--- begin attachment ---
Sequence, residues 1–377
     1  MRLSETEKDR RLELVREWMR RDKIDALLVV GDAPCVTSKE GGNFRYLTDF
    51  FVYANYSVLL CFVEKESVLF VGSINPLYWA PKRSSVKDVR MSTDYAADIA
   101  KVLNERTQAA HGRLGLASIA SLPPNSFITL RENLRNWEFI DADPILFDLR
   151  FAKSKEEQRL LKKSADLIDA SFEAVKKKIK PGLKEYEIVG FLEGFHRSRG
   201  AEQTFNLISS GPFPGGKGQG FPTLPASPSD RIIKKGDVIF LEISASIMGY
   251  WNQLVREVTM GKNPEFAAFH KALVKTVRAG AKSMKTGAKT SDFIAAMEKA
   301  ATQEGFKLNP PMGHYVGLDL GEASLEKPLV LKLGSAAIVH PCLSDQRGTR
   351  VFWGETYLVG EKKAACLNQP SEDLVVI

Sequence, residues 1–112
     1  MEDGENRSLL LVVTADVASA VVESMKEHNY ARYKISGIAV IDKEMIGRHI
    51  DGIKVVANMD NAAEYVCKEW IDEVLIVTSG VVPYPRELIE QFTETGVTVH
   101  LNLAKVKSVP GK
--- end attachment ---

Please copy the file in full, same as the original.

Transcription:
Sequence, residues 1–377
     1  MRLSETEKDR RLELVREWMR RDKIDALLVV GDAPCVTSKE GGNFRYLTDF
    51  FVYANYSVLL CFVEKESVLF VGSINPLYWA PKRSSVKDVR MSTDYAADIA
   101  KVLNERTQAA HGRLGLASIA SLPPNSFITL RENLRNWEFI DADPILFDLR
   151  FAKSKEEQRL LKKSADLIDA SFEAVKKKIK PGLKEYEIVG FLEGFHRSRG
   201  AEQTFNLISS GPFPGGKGQG FPTLPASPSD RIIKKGDVIF LEISASIMGY
   251  WNQLVREVTM GKNPEFAAFH KALVKTVRAG AKSMKTGAKT SDFIAAMEKA
   301  ATQEGFKLNP PMGHYVGLDL GEASLEKPLV LKLGSAAIVH PCLSDQRGTR
   351  VFWGETYLVG EKKAACLNQP SEDLVVI

Sequence, residues 1–112
     1  MEDGENRSLL LVVTADVASA VVESMKEHNY ARYKISGIAV IDKEMIGRHI
    51  DGIKVVANMD NAAEYVCKEW IDEVLIVTSG VVPYPRELIE QFTETGVTVH
   101  LNLAKVKSVP GK